WESTBOUND I-40 UNSER OFF-RAMP CLOSED: West Side drivers saw this closure last week, when the New Mexico Department of Transportation blocked the off-ramp to continue its $19.5 million Interstate 40 roadway reconstruction project between Coors and Unser.
Kimberly Gallegos of NMDOT’s Albuquerque office says the “ramp will be closed for approximately two months and the alternate routes are Coors or 98th Street.”
In addition, “crews have set wall barriers in place and the two inside lanes of traffic are open to motorists traveling both east and westbound. … Work will take place Monday thru Friday from 6 a.m. to 6 p.m.,” weather permitting.
For the latest project updates, check out nmroads.com, dot.nm.gov or call 511.
NORTHBOUND 1-25/MLK WORK CONTINUES: NMDOT and Star Paving are permanently removing the off-ramp from northbound I-25 to Martin Luther King, and Star Paving Project Manager Dick Rowles says at 8 p.m. Tuesday, Sept. 6, northbound traffic will be reduced to one lane and the on-ramps from Gibson, Avenida Cesar Chavez and Lead will be closed. Traffic will be detoured to the MLK on-ramp. “Traffic will be returned to two lanes by 5 a.m. Sept. 7 and will remain in two lanes for a 21-day period, with the Lead on-ramp remaining closed.”
Northbound traffic that needs to access MLK should exit at the Lead/Coal off-ramp and proceed north on Oak to MLK. MLK access for southbound I-25 traffic will not be affected.
Drivers are told to expect delays, especially during rush hours. More info is at nmroads.com and dot.nm.gov.
AND OAK (NOT LOCUST) GETS NEW PAVING: Ronald L. Vonderhaar emails that “both Locust and Oak between Lomas and Central, including the on-ramps and off-ramps, are in terrible condition. They are like driving over a washboard dirt mountain road. There are chunks of the top layer of paving missing. When will these be fixed?”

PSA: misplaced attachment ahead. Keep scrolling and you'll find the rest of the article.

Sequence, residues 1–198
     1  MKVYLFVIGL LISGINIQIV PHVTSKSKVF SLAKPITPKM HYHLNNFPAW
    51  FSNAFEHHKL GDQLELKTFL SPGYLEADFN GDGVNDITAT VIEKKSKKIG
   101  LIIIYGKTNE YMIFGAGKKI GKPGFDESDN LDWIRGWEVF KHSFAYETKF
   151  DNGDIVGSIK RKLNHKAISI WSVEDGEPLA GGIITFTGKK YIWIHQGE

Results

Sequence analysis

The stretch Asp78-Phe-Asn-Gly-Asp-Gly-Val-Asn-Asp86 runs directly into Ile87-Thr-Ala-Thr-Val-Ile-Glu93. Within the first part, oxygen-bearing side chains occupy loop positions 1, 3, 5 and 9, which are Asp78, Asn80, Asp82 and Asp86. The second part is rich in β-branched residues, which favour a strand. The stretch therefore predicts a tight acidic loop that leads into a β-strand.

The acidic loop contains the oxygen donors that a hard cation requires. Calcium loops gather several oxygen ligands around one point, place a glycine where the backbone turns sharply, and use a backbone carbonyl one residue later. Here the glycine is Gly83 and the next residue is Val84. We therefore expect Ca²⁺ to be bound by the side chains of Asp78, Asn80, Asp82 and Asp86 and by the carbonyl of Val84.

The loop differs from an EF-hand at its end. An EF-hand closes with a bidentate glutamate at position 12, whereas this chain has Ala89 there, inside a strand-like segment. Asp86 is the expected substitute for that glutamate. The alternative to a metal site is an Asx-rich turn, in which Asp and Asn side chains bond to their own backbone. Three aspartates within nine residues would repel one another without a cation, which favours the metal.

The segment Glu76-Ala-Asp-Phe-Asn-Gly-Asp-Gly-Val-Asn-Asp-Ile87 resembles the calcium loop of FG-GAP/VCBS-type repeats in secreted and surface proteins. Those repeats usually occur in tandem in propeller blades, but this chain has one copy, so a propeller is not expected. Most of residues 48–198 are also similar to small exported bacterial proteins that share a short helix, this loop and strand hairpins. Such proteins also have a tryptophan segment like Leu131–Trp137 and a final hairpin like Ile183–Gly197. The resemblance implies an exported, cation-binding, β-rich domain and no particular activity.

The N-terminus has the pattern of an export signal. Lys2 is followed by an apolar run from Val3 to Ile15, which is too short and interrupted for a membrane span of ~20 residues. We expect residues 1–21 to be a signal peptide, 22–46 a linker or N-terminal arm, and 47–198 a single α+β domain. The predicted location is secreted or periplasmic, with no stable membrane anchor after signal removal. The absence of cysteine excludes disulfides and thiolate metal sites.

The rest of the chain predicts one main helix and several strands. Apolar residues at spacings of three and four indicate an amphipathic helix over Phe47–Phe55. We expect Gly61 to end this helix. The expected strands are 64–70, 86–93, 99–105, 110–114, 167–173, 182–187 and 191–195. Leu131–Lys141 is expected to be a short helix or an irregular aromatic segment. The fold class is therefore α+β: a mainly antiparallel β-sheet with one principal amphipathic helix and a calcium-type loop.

Rowles says as part of the I-25/MLK work, “Locust will not be getting new pavement, but Oak between Central and MLK will. The current schedule shows paving on Oak will complete in early December.”
NIGHT WORK ON TRAMWAY BRIDGES: NMDOT is also ” removing and replacing the overhead signs both north and southbound at all four (pedestrian) bridge locations on Tramway” this week, from 9 p.m. to 5 a.m. Tuesday through Friday.
Updates and information on the $3.5 million project are at nmroads.com and dot.nm.gov.
WELCOME TO THE GREEN BIKE BOX: G.A. “Jerry” Minor says in an email, “I cannot find out what the new green pavement markings on Bridge at Atrisco, Old Coors and Coors are trying to tell me. Yes, they have something to do with the bike lanes due to the bicycle markings in them, but the green box that covers the entirety of the right lane is a little puzzling. What, if anything, do these markings mean for an automobile driver?”
We turn to Antonio E. Jaramillo, director of Operations and Maintenance for Bernalillo County. He explains “this new striping is not new to the area; in fact it can been found on Martin Luther King, for instance. The green box is called a Bicycle Box. In short it allows for an area in front of vehicles for bicycles to stage (during the red signal) to move through an intersection. This is a mechanism to enhance safety for the bicyclists in the corridor. Vehicles should stop at the stop bar that is just before the bicycle box and not park within the green area.”
For photos of and details on how bike boxes work, go to nacto.org.
Editorial page editor D’Val Westphal tackles commuter issues for the metro area on Mondays. Reach her at 823-3858; firstname.lastname@example.org; or 7777 Jefferson NE, Albuquerque, NM, 87109.